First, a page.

The Heruli.

The Heruli were an ancient Germanic people who originated from Scandinavia and migrated to various regions of Europe. They were known for their raids and invasions of the Roman Empire, especially in the Balkans and the Aegean Sea. 

They also fought as mercenaries for different rulers and factions. Here is a brief overview of their language, warfare and relation with Rome: 

- Language: The Heruli spoke a Germanic language, but it is not clear which branch of the Germanic family it belonged to. Some of their personal names are similar to Gothic names, suggesting an East Germanic affiliation. ¹ 
The Heruli homeland was probably in
Southern Sweden and the Danish isles.
However, some scholars have proposed that they spoke a North Germanic language, based on their possible Scandinavian origin and some linguistic evidence. 

Unfortunately, there are no surviving texts or inscriptions in the Heruli language, so it is difficult to reconstruct it with certainty.

- Warfare: The Heruli were skilled warriors who excelled in both land and sea combat. They used swords, spears, axes, bows and arrows, and shields. 

They also wore helmets, chain mail, and leather armor. They were known for their speed, agility, and ferocity in battle. They often attacked by surprise, plundering towns and villages, taking captives and slaves, and demanding tribute. 

They also served as mercenaries for various rulers, such as the Huns, the Goths, the Byzantines, and the Lombards. They participated in many wars and conflicts in Europe and Asia Minor, such as the Gothic War (376-382), the Hunnic invasions (441-453), the Fall of Rome (476), the Gothic War (535-554), and the Lombard invasion of Italy (568-569).

- Relation with Rome: The Heruli had a complex and changing relation with Rome. At times they were enemies who raided and invaded Roman provinces, causing devastation and destruction.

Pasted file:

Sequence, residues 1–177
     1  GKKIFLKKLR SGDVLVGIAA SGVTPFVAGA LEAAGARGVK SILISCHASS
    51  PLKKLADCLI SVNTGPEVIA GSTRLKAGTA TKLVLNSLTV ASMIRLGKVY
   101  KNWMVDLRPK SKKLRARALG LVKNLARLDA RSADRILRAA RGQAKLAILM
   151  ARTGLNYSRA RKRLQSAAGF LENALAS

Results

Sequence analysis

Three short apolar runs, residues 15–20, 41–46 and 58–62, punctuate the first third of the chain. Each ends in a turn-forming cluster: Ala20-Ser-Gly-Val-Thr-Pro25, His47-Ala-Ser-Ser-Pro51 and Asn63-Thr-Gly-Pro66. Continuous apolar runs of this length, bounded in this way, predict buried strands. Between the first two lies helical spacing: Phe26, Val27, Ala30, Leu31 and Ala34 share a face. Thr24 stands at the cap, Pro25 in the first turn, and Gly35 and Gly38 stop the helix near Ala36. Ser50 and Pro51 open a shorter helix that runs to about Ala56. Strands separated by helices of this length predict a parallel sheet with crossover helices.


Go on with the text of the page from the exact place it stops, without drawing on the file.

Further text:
At other times they were allies or subjects who fought for or with Rome against other enemies. They also settled in some Roman territories, such as the Danube region, where they established their own kingdom in the 5th century.

They also converted to Christianity, adopting either the Arian or the Orthodox faith. However, their kingdom was destroyed by the Lombards in the early 6th century, and some of them fled to the Byzantine Empire, where they continued to serve as soldiers or colonists. 

The last mention of the Heruli in history is in the 7th century, when they were assimilated into other peoples or disappeared from the historical record.

The Heruli in Italy.

The Heruli were a Germanic people who originated from Scandinavia and participated in various raids and migrations in the Roman Empire. 

They were involved in several conquests of Italy by different barbarian leaders, such as Odoacer, Theoderic the Great, and Narses. They also had their own kingdom on the Middle Danube for a short time, but it was destroyed by the Lombards. Here is a brief overview of their history in Italy:

- In 476 AD, the Heruli leader Odoacer deposed the last Western Roman emperor, Romulus Augustulus, and became the ruler of Italy. He is considered to be the first barbarian king of Italy and his reign marks the end of the Western Roman Empire. 

He ruled as a client of the Eastern Roman Empire, but also invaded some of its provinces. He was eventually defeated and killed by Theodoric the Great, the king of the Ostrogoths, in 493 AD. 

Odoacer-king of the Sciri and the Heruli.
- In 489 AD, Theodoric the Great invaded Italy with his Ostrogothic army, which included some Heruli as allies. 

He fought against Odoacer for five years until he captured Ravenna, the capital of Italy, and killed Odoacer. He then established the Ostrogothic Kingdom of Italy, which lasted until 553 AD. He was regarded as a wise and tolerant ruler who preserved Roman culture and law. 

- In 535 AD, the Eastern Roman Emperor Justinian I launched a campaign to reconquer Italy from the Ostrogoths. He sent his general Belisarius, who was accompanied by some Heruli mercenaries, to invade Italy. 

Belisarius captured several cities, including Rome and Ravenna, but faced resistance from the Ostrogoths and their allies. The war lasted for 18 years and devastated Italy. 

It ended with the victory of another Eastern Roman general, Narses, who defeated the last Ostrogothic king, Teia, in 552 AD. Narses then became the governor of Italy and ruled until 568 AD. He also faced invasions from other Germanic tribes, such as the Franks and the Lombards. 

The Heruli disappeared from history around this time, as they were either assimilated into other groups or migrated to other regions. Some scholars have suggested that they may have left some traces in place names or folklore in northern Italy or Scandinavia. 

(1) Heruli - Wikiwand.
(3) Heruli - Wikipedia.
(4) Heruli | Gothic Tribe, Migration & Invasion | Britannica.
(5) Battle of Ravenna (476) - Wikipedia.
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